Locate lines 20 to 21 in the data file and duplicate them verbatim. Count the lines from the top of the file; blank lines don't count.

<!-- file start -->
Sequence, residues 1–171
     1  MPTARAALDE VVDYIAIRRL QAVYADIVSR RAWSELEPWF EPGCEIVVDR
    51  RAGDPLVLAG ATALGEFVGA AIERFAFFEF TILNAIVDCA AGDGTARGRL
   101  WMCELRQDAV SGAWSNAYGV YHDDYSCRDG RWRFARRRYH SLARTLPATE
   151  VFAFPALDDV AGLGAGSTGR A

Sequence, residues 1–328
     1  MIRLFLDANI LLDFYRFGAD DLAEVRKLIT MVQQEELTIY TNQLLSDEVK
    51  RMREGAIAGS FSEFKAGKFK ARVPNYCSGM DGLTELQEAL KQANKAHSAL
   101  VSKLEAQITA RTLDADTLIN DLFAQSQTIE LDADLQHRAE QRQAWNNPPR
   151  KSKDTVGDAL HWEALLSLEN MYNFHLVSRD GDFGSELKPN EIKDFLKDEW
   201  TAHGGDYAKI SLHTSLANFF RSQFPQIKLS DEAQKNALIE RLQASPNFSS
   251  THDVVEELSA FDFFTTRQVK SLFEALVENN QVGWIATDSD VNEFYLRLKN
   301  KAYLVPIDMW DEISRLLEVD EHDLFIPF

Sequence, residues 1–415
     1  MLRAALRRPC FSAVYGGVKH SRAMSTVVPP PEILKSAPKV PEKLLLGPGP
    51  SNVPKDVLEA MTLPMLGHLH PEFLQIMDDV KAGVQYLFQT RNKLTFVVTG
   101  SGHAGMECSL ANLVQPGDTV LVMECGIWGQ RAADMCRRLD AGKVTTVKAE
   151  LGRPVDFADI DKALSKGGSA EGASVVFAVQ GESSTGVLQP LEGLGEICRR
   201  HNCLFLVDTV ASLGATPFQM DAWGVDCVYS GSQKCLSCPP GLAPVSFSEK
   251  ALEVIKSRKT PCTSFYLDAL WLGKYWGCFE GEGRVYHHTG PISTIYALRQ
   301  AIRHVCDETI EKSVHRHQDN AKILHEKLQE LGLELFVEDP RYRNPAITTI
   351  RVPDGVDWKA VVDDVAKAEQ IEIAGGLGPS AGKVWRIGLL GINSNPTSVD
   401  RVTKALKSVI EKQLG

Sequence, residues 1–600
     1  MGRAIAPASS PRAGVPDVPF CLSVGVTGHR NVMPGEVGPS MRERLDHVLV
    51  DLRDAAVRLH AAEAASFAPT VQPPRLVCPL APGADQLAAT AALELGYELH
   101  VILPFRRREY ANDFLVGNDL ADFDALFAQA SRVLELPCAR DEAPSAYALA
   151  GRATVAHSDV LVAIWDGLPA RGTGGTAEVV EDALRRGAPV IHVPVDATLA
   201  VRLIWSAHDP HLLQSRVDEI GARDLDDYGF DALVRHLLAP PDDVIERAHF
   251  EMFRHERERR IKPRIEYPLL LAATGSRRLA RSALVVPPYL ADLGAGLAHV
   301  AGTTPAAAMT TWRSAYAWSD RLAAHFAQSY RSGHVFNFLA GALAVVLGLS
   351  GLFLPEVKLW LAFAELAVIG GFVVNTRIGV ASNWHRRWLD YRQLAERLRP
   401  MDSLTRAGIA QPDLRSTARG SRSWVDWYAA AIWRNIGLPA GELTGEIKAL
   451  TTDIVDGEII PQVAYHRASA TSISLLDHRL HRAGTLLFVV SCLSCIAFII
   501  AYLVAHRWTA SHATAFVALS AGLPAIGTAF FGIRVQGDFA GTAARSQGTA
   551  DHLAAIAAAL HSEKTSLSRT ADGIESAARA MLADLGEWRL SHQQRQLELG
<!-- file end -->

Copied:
   251  ALEVIKSRKT PCTSFYLDAL WLGKYWGCFE GEGRVYHHTG PISTIYALRQ
   301  AIRHVCDETI EKSVHRHQDN AKILHEKLQE LGLELFVEDP RYRNPAITTI